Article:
As an European citizenship first and as a individual second, I couldn’t help to be surprised when on Saturday night, as many other nights, I went to bed with last’s week issue of The Economist . I was reading this article “A count that counts” about USA’s census for this year and I reacted on how clearly they speak about the fact that companies will use census results for marketing purposes.
Half way through the article I had to ask myself: What was the initial purpose of the census?? Oh yes to count folks to distribute seats in the Congress, I answered myself. But seriously, I had to think hard because I was so very astonished to read things like this (directly quoted from the article):
-“But the census results also constitute the country’s biggest and most complete market-research survey, and are therefore invaluable to business.”
-“The census this year will ask households to say how many people live there, and to report their race, sex, age, and whether they own or rent. The data on population will help firms decide where to open stores and distribution centres. The other questions provide a profile of consumers in each area, and so help managers pick what products to stock in shops, among other things. “We use census data every day to make business decisions,” says Joan Naymark, director of research and planning at Target, a big retailer. “The 2010 census is incredibly important to us.” The results of the 2000 census prompted Target to offer more hair products for African-Americans and children’s books in Spanish, for example, in its stores in Washington, DC.”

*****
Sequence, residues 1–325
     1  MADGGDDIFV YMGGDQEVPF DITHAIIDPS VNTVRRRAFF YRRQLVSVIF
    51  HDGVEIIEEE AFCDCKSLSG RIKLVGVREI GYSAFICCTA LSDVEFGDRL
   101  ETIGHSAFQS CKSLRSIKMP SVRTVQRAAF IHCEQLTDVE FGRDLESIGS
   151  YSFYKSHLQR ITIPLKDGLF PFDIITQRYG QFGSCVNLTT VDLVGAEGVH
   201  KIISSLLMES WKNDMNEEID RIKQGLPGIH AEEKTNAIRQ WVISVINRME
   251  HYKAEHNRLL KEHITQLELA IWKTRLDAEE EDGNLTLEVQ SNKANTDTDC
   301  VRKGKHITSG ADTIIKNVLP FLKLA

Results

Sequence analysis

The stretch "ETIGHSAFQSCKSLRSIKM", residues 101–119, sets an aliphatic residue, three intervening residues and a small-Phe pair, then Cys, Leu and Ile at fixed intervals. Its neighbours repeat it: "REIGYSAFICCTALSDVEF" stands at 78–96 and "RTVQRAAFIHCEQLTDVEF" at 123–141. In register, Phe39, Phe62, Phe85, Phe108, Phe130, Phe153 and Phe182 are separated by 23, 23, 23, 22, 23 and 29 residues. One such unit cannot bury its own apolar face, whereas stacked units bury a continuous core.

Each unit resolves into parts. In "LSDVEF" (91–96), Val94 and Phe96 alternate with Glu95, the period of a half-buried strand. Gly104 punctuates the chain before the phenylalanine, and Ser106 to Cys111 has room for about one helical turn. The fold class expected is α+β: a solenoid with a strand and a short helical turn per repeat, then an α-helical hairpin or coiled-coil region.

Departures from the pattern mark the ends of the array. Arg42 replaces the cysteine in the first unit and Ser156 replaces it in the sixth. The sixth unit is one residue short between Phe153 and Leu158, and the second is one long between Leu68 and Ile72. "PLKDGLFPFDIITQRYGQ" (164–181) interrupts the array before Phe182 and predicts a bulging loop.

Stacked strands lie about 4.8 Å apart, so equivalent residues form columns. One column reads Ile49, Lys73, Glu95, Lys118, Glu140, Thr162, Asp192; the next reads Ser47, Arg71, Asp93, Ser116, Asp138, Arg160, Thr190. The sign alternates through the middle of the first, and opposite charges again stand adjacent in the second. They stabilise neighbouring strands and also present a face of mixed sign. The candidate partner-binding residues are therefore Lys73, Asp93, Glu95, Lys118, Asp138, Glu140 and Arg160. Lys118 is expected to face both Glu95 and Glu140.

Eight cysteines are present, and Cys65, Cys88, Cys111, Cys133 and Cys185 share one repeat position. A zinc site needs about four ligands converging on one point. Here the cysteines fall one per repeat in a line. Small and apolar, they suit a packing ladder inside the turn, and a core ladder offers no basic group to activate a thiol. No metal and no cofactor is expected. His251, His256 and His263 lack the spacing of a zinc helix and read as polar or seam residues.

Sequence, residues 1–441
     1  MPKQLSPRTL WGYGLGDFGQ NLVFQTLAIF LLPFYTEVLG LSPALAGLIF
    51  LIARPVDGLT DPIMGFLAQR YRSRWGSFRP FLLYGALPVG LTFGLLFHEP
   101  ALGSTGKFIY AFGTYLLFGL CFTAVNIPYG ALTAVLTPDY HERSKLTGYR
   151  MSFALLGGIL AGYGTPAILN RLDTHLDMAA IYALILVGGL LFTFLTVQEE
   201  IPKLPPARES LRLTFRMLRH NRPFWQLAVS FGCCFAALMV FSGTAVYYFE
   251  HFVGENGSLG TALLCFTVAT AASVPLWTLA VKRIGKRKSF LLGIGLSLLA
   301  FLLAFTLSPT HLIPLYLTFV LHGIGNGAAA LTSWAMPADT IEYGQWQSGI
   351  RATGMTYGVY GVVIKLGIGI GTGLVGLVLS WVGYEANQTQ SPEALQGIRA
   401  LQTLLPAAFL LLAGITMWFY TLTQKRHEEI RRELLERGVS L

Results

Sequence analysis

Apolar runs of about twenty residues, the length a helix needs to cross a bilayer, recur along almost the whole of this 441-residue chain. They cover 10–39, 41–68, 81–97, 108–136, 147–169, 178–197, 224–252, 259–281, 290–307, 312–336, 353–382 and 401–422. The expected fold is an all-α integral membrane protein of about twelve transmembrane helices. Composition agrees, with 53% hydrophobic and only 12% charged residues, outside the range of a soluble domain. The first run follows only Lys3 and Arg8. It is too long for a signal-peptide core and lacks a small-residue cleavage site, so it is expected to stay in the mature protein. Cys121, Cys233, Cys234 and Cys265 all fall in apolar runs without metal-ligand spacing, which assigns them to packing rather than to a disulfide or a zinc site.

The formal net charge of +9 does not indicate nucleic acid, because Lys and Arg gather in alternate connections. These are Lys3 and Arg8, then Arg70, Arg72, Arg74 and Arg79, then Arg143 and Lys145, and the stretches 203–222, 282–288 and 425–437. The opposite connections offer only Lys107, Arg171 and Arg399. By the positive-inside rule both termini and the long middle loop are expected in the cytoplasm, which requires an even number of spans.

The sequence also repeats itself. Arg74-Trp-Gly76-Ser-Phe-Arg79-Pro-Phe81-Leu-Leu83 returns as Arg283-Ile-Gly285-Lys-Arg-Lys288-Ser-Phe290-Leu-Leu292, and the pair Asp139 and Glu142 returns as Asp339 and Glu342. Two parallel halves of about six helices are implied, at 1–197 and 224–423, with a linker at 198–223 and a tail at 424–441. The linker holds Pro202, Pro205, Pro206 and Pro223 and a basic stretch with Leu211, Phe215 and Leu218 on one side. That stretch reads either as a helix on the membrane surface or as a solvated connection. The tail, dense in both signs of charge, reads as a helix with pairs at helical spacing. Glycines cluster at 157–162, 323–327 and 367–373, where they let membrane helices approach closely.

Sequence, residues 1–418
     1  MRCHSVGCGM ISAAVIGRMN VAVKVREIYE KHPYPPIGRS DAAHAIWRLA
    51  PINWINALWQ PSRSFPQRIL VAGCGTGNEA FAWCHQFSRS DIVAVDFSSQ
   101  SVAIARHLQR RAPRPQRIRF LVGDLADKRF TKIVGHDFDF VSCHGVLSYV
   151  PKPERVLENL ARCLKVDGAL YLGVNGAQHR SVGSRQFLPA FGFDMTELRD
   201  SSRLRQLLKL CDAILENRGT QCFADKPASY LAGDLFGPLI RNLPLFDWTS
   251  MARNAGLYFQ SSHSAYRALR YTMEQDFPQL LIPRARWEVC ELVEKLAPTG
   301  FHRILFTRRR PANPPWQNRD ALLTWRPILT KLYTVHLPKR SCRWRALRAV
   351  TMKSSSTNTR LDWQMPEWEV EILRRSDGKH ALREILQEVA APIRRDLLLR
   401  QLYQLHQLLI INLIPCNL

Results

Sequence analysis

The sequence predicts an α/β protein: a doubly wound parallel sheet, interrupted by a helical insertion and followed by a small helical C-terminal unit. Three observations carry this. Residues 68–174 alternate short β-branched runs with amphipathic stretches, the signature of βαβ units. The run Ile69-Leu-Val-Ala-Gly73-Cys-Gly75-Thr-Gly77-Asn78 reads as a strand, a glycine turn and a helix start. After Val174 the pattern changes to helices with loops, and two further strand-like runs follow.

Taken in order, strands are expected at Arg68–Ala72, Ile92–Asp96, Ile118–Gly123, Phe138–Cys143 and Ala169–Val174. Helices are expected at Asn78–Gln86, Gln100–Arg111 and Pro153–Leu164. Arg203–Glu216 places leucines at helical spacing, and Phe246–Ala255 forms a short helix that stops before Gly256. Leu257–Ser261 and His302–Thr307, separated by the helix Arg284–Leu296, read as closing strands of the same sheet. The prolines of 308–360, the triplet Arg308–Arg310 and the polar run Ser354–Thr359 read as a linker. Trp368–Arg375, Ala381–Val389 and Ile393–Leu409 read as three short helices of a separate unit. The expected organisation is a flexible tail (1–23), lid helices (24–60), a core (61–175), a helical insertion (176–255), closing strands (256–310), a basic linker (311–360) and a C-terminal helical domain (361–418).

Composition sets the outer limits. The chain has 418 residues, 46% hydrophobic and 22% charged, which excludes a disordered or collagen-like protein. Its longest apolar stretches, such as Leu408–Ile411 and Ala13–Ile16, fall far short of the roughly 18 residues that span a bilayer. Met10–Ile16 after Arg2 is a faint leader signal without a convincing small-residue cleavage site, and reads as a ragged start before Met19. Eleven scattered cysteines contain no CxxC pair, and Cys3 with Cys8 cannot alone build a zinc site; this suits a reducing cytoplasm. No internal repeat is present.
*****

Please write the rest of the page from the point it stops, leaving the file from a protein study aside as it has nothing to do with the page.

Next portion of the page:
-“The recession has made them reluctant to expand without good market data, ]…[, yet it has also caused them to cut back on research, making the free census data all the more vital.”
And last sentence:
-“No wonder, then, that the Census Bureau has around 47,000 active corporate “partners” helping promote the census to their customers and employees—more than double the number in 2000. Their efforts come on top of the bureau’s own marketing campaign, which is likely to cost over $300m, and the enthusiastic support of local authorities, which are keen to promote participation and thus win more federal funding in future.”
Obviusly without a data privacy act as enforced as we have in Europe it is difficult to protect us from big corporations firstly as citizenships and secondly as individuals.